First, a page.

On hearing the news today ofAssemblyman Joe Vas’s (D-Perth Amboy) arrest on bid-rigging charges, Democratic Party players surrounding what was an apparent contest for Vas’s 19th District Assembly seat reacted with little shock – anda mixture ofgrief and celebration.
“This is a sad day forAssemblyman Vas and his family, and an equally sad day for the people in 19th Legislative District,” said Vas’s running mate, Assemblyman John Wisniewski (D-Sayreville). “Any time that a public official is involved in even an allegation of official misconduct, it puts a strain on the public trust. I hope the process undertaken today by the Attorney General’s Office moves forward as fairly and efficiently as possible.”
Woodbridge Mayor John McCormac, whose townconcentrates the largest number of voters in the 19th, said Vas can write off trying to reclaim his 19th District Assembly seat.
“He has no chance of getting the nomination or of winning the election so for ten months, what’s the point of hanging around?” McCormac said. “I can’t see anyone getting behind Joe Vas.”
South Amboy Mayor John T. O’Leary, who is challenging Vas in a county committee convention scheduled for March 25, stopped short of urging his competitor to resign.
“The judicial system will handle Assemblyman Vas and everyone is innocent until proven guilty in our country,” said O’Leary. “I’m going to continue to work and to campaign for this seat. It’s important for Democrats to put the best ticket forward.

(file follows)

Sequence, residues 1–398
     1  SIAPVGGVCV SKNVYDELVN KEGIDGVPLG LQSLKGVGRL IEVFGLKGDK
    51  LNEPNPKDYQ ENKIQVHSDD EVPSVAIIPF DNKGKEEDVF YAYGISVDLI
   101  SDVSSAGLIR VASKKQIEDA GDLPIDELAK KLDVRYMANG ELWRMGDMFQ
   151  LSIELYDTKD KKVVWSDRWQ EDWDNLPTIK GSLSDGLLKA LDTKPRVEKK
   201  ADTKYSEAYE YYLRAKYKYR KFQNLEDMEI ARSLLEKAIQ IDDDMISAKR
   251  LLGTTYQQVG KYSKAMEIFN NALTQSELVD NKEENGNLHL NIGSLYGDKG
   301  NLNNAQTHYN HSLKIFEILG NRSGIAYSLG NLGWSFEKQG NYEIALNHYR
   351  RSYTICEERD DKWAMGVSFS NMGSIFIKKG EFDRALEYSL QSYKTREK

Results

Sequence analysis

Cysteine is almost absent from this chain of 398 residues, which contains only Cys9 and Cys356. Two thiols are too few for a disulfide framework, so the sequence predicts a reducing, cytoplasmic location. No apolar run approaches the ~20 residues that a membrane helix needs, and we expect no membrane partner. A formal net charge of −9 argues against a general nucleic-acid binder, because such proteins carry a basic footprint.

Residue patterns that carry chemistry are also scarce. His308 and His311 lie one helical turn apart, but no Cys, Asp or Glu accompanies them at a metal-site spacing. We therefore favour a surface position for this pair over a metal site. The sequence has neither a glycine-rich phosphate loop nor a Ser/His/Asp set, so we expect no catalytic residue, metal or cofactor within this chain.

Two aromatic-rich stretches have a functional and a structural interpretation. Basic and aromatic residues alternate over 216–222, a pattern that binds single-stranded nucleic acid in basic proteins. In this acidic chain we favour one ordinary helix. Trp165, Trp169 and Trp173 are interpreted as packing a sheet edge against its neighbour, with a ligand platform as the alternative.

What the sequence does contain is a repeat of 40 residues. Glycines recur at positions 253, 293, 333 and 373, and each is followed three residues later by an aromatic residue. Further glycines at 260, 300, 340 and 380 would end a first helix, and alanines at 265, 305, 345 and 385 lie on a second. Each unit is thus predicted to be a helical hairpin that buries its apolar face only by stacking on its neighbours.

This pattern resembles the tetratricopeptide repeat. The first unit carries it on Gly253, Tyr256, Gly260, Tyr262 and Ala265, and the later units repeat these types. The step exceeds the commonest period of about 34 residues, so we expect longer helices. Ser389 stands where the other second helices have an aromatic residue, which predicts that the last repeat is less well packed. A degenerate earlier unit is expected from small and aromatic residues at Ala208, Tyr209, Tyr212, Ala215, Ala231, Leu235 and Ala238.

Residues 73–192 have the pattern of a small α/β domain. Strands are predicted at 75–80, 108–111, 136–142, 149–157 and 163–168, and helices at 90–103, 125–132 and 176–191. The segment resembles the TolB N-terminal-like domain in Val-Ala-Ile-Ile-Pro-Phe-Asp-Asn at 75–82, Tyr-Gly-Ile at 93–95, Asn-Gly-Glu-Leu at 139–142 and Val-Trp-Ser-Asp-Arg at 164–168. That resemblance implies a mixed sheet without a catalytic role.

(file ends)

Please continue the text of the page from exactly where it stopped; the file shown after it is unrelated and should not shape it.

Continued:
“I think whether or not he resigns is up to him,” the mayor added. “Knowing Joe Vas, it’s what he decides to do. We have to look at what is best for the Democratic Party. Rumors have been running rampant here for the last few months. I’m saddened for his family.”
O’Leary, son of a police officer and himself a former cop, said if elected he would examine implementing stronger anti-corruption laws.
“Withwhat happened today, there ishe ability to move the undecided into Mayor O’Leary’s camp,” Wisniewski said.
In Perth Amboy, where Vas served as mayor for nearly two decades before Wilda Diaz toppled him in last year’s election, Councilman Ken Balut exulted on learning of the state Attorney General’s charges.
“This is for the citizens of Perth Amboy,” said Balut, who won his council seat on a ticket with Diaz. “It’s a shame; this should have been done years ago. The dual-office holding they allowed gave him too much power and he was allowed to keep going for too long.”
Diaz’s office issued a brief statement.
“All public officials should be held to the highest ethical standard,” said Perth Amboy’s new mayor. “Since my administration took office in July 2008, we have been moving forward in a positive and productive way and in an open and transparent manner.I want to assure all the residents of the City of Perth Amboy that we will continue to do what’s best for our City. We have been cooperating fully with law enforcement authorities throughout their investigations and will continue to do so.”
Sources close to the former mayor said Vas believed the attorney general’s case against him was politically motivated, precipitated by his threat of a comeback against Diaz.